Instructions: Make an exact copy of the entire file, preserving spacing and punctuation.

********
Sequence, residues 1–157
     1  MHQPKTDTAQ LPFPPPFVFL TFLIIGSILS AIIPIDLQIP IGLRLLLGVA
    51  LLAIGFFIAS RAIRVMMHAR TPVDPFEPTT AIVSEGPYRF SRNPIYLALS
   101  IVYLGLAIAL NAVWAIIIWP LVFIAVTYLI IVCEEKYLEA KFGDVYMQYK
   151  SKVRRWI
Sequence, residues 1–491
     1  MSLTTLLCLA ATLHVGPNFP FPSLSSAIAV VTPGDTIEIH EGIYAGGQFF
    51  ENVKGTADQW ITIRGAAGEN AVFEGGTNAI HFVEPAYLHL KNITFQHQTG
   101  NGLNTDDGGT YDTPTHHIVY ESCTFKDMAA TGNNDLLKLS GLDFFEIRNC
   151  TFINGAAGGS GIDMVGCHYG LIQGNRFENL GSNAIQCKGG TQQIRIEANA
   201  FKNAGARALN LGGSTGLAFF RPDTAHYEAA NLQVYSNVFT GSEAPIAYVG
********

Sequence, residues 1–157
     1  MHQPKTDTAQ LPFPPPFVFL TFLIIGSILS AIIPIDLQIP IGLRLLLGVA
    51  LLAIGFFIAS RAIRVMMHAR TPVDPFEPTT AIVSEGPYRF SRNPIYLALS
   101  IVYLGLAIAL NAVWAIIIWP LVFIAVTYLI IVCEEKYLEA KFGDVYMQYK
   151  SKVRRWI
Sequence, residues 1–491
     1  MSLTTLLCLA ATLHVGPNFP FPSLSSAIAV VTPGDTIEIH EGIYAGGQFF
    51  ENVKGTADQW ITIRGAAGEN AVFEGGTNAI HFVEPAYLHL KNITFQHQTG
   101  NGLNTDDGGT YDTPTHHIVY ESCTFKDMAA TGNNDLLKLS GLDFFEIRNC
   151  TFINGAAGGS GIDMVGCHYG LIQGNRFENL GSNAIQCKGG TQQIRIEANA
   201  FKNAGARALN LGGSTGLAFF RPDTAHYEAA NLQVYSNVFT GSEAPIAYVG